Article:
The first passenger airline was the German airship company DELAG (Deutsche Luftschiffahrts-Aktiengesellschaft, or German Airship Transportation Corporation Ltd), established on November 16, 1909. The airline was created under the leadership of Zeppelin Company executive Alfred Colsman, who was married to the daughter of aluminum manufacturer Carl Berg, the aluminum supplier for Count Zeppelin’s airships.
In the first 10 years of its activity, DELAG offered flights in the form of simple sightseeing tours. Before World War I, DELAG provided its service to more than 34,000 passengers on over 1,500 flights. Most of the passengers—who included members of the German royalty, military officers, government officials, and business leaders—were given free flights to publicize the zeppelin industry. Only about 10,200 passengers paid their flights before the airline stopped its operations with the beginning of World War I. Some of the most important hangars and landing fields used by DELAG included Frankfurt, Oos (Baden-Baden), Dusseldorf, Lepizig, Postdam, Hamburg, Dresden, and Gotha.
After World War I, DELAG introduced the revolutionary airship LZ-120 Bodensee, which finally allowed the airline to offer daily passenger service between Friedrichshafen and Berlin. Completed in only six months, Bodensee was the first civilian zeppelin built after the war; it was primarily designed to provide fast air transportation between Friedrichshafen and Berlin. The flight from Berlin to Friedrichshafen took 4-9 hours. During its years of operations, Bodensee completed 103 flights and carried about 2,500 passengers.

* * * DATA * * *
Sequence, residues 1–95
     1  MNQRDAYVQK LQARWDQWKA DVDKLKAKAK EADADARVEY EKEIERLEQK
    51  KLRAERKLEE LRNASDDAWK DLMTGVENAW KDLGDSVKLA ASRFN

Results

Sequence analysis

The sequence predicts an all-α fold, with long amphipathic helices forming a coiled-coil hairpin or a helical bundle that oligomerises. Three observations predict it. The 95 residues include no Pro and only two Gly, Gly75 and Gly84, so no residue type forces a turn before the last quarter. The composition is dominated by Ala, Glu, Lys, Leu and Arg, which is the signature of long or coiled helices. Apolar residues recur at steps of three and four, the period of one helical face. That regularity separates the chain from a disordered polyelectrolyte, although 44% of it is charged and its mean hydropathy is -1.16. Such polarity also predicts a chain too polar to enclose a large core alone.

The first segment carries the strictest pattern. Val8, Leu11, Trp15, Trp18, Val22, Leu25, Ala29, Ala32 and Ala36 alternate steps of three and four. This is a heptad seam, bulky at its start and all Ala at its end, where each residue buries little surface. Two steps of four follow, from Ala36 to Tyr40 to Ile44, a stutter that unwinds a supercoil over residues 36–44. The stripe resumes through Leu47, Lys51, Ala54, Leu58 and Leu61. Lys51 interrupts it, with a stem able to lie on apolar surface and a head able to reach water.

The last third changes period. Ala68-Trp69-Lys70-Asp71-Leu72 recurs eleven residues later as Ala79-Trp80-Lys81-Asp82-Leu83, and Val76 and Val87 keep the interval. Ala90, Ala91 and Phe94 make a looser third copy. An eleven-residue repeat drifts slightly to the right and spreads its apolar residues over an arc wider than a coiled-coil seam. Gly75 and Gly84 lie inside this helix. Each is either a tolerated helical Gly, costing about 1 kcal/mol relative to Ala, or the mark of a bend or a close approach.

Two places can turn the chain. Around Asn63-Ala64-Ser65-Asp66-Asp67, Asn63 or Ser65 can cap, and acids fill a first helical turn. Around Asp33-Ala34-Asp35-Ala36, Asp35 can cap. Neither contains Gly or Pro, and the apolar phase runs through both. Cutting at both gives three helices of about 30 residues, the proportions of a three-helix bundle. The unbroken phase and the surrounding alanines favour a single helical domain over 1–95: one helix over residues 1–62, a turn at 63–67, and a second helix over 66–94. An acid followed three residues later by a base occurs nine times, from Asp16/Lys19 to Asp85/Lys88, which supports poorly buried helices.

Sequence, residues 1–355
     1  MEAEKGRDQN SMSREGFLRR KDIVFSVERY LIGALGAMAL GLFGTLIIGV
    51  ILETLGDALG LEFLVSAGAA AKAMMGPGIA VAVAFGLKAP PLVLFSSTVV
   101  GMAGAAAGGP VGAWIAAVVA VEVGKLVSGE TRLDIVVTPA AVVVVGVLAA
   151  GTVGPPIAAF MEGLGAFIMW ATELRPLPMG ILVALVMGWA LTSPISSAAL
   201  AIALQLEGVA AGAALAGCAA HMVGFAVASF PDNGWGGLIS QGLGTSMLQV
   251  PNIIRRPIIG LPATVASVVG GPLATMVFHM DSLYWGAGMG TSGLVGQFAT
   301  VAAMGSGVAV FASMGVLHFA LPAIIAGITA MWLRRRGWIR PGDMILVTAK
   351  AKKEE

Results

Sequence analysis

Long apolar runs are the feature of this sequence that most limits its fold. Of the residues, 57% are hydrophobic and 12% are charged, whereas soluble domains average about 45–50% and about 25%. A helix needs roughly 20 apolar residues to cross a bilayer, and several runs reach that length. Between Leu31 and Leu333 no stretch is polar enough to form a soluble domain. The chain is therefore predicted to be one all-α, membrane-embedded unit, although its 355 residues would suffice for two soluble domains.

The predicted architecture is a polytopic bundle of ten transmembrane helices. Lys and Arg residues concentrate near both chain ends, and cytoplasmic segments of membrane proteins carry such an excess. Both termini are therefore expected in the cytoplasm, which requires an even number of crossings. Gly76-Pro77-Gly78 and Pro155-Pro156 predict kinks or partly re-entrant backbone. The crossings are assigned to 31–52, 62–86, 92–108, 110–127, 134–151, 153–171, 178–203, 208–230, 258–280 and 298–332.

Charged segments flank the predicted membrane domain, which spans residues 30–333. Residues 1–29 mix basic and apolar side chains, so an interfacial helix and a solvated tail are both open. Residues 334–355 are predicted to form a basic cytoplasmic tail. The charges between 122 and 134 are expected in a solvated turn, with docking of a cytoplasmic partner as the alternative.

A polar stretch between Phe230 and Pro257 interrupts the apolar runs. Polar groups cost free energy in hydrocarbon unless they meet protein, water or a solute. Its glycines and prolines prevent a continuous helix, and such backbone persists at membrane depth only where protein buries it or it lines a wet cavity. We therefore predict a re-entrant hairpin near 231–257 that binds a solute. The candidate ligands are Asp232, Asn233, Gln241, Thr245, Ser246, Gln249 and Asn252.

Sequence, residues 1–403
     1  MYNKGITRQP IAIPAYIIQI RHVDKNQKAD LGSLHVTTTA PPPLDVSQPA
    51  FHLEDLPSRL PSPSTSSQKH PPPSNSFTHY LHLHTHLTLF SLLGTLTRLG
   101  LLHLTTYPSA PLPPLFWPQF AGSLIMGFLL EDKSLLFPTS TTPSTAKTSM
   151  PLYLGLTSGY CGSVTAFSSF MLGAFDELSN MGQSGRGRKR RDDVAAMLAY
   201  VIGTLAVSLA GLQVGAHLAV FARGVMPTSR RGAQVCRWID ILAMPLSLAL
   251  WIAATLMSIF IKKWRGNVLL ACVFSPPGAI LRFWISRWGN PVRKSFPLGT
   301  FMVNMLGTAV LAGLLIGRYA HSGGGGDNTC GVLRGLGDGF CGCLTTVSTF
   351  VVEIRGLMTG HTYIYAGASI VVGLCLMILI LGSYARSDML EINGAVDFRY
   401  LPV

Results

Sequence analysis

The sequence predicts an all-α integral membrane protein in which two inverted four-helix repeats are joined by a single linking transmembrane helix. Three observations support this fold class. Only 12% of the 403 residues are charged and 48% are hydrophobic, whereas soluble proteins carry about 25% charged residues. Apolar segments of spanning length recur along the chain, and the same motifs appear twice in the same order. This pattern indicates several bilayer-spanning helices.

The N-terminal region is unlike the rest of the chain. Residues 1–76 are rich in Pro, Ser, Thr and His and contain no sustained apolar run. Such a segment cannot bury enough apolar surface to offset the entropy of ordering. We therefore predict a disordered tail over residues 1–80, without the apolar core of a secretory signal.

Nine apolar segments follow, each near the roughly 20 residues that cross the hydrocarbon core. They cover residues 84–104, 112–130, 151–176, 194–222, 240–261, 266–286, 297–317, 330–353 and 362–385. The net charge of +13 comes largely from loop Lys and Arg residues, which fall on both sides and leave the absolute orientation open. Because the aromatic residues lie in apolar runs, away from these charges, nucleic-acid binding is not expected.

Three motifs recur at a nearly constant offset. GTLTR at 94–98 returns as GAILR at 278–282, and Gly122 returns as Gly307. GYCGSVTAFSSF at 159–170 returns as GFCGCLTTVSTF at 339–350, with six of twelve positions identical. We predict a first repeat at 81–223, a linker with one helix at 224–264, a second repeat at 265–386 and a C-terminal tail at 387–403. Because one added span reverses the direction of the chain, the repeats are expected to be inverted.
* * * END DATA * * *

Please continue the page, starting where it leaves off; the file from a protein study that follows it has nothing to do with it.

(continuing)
In 1921, DELAG was forced to cease operations by the Military Inter-Allied Commission of Control established under the Treaty of Versailles. DELAG’s two airships were transferred to the Allies as part of Germany’s war reparations: LZ-120 Bodensee was given to Italy, while LZ-121 Nordstern was given to France.
In 1925, restrictions imposed on zeppelin construction under the Treaty of Versailles were relaxed by the Allies, enabling the construction of an advanced zeppelin suitable for intercontinental air passenger service. In 1931, the airline started scheduling flights between Germany and South America with its Graf Zeppelin, becoming the first airline to offer transatlantic passenger airline service. The Graf Zeppelin crossed the Atlantic Ocean 136 times.
DELAG provided passenger air service until 1935. That year, its services were taken over by the Deutsche Zeppelin-Reederei, established on March 22, 1935.